The book actually sold out and got a great response – we have just had some more printed. The hardbacks went faster than the paperbacks even I’m told. A good thing and a bad thing is that I cross over into many worlds, some just on the fringes, like denim, but it leads to a wider audience and interest. For me it was a great thing to do after all this time, and to decide what should be in, and out but to stand back and make sense of it all, and I guess be happy with where it came from and what it all became. What’s now more important – is to drive forward into the next body of work and focus on the future.
By putting the book together, it was easier to help to curate the flow of the book and show the overlying theme to me work – Community. Or the lack of it and the changing world we live. The fading fabric of our urban environment. The work is a lot more than it being about denim, it is simply my medium.The book can be found at www.ianberry.art under ‘book’ and if your readers put in the promo code D&J at the check out they can get free postage.
What was your first piece and how much time you spent to create it
I started with denim first by doing portraits. I have since noticed that many artists who started using new and unusual materials often begin with portraits, and of famous people. I did the same, but had my reasons other than it being just iconic faces. I never expected it to end the way it has to be honest, I was to be an art director at that stage!
That said, as I was going in to advertising I was fascinating in things that changed people’s minds. And I knew how Marilyn Monroe, Brando, Dean had worn denim on screen and then everyone wanted to wear it. Those, along with Debbie Harry were my first ones I made. Debbie Harry was one of the first to really make double denim cool and it was nice several years later to actually get to do her portrait and to meet her. With that I became friends with some of the guys from Blondie, and I did Tommy Kessler’s denim jacket for him – he’s still wearing it on stage – five years on. . . he’s been unable to wash it!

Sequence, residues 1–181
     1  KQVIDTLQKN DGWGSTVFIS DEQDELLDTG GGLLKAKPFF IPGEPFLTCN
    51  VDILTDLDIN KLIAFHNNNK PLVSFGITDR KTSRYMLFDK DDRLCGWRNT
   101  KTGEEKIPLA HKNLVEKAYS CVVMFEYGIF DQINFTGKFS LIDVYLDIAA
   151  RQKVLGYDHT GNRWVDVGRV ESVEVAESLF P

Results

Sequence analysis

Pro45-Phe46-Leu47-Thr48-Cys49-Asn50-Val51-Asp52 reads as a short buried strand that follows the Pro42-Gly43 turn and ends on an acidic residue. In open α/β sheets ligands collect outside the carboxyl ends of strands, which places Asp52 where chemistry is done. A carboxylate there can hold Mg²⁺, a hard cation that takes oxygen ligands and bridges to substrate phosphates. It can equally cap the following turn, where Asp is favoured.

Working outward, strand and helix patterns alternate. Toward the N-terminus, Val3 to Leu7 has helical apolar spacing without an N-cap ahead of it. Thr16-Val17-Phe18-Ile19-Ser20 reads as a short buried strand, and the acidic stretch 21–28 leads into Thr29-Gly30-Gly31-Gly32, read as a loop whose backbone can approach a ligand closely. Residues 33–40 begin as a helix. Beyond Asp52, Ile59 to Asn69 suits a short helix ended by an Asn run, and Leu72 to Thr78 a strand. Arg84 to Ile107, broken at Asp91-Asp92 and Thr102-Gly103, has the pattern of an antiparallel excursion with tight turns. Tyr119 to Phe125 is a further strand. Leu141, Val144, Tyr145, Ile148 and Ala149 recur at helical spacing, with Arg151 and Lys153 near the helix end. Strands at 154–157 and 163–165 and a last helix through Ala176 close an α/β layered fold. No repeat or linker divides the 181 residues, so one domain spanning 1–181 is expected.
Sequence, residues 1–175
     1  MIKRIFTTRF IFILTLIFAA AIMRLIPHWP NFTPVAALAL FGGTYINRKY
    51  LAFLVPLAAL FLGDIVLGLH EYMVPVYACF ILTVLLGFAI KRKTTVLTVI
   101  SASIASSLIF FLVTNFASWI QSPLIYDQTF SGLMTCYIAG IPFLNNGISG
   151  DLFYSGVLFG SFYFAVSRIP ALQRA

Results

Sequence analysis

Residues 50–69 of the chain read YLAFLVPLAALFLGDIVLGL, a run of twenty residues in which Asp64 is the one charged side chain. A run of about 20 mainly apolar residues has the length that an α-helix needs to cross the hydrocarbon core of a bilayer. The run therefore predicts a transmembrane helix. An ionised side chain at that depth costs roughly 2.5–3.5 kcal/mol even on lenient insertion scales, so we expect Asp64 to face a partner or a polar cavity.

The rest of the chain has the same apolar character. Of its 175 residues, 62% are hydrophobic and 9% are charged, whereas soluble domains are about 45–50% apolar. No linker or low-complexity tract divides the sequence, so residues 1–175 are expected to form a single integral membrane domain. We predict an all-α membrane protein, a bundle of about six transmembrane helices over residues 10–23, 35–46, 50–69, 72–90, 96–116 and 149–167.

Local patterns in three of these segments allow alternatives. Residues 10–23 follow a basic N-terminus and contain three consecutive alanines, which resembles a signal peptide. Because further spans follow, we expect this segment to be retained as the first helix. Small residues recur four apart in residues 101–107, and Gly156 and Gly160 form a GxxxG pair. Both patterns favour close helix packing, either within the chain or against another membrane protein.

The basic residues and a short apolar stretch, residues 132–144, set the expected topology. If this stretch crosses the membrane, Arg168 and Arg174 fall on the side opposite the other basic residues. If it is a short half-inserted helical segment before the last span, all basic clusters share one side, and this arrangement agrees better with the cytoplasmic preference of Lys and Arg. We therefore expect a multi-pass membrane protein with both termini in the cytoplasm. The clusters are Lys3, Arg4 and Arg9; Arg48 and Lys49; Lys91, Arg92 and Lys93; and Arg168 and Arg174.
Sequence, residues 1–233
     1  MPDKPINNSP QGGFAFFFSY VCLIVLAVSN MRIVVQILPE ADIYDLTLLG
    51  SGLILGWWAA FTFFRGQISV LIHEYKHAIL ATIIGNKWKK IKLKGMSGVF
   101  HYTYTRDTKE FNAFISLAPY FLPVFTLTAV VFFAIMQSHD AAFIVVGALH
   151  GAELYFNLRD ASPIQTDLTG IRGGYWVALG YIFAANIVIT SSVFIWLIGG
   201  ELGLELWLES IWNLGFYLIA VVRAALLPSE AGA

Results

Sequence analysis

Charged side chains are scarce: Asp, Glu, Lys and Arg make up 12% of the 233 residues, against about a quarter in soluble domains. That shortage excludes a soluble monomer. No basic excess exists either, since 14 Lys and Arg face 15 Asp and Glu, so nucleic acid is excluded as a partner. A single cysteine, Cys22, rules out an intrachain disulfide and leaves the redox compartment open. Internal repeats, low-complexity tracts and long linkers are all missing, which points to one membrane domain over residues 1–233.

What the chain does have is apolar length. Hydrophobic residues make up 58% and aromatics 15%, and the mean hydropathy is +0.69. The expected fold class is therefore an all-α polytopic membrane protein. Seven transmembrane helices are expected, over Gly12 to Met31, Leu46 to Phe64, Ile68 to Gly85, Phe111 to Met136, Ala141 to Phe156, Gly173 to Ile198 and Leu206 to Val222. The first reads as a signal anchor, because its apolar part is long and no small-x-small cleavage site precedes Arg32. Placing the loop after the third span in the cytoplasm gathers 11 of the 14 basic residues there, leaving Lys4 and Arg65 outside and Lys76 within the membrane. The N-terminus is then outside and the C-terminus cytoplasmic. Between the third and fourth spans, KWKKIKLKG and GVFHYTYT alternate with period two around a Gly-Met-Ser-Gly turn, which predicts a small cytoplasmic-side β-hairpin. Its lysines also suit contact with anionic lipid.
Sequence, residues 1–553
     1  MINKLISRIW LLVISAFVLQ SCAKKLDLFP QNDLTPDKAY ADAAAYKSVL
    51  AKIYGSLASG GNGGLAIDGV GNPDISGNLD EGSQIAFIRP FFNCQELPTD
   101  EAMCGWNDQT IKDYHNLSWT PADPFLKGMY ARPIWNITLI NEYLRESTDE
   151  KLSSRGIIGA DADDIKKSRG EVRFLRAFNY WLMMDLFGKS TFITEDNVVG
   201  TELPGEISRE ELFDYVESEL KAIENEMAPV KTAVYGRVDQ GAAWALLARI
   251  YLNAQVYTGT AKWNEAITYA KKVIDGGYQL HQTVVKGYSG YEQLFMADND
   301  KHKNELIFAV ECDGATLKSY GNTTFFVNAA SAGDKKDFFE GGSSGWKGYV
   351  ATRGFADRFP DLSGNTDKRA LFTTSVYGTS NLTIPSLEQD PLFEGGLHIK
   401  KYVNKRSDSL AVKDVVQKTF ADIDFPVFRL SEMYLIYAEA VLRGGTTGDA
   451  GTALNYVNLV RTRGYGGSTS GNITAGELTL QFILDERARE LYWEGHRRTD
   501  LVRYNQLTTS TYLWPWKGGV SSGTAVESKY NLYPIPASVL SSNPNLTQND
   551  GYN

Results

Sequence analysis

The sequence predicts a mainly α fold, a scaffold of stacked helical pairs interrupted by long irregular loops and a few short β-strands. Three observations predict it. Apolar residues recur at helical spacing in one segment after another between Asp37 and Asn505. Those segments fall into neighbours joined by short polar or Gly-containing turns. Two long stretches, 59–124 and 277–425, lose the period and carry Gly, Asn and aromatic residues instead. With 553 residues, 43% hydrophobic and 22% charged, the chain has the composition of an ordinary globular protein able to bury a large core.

I also did a piece for the James Dean Museum in Fairmount, Indiana, in 2010. It was his hometown. Both were such an honor and took me back to that time when I was making pieces on my bedroom floor. What’s interesting is you would think I would get faster making them, but because I have got a lot more detailed they do take a long time – and as the portraits now are official, there is a lot of work around it too. That first weekend I made 6 – in a much simpler style than today. It would take me that long to do only an eye now.
Ian has gone on to do portraits for Giorgio Armani, Lapo Elkann, Jenifer Saunders, Eunice Olumbide OBE and the family of Ayrton Senna to name a few.
How difficult is it to find pieces of differently shaded denim washes to help you create the correct shadings in your paintings.
It is a very labour intensive process. You know you can bang things in Photoshop and let a computer dictate where you place things. This isn’t really art and loses an edge to the work. I have to find each piece to really match where it should be and I can spend hours just looking for that one. Having 2000 pairs of jeans also leads to issues as well as solutions – as you think you will have always have something better and keep looking. On the other side, I may find something perfect, but it is so good that you want to use it on another piece – in a bolder way. So, you carry on looking for something else.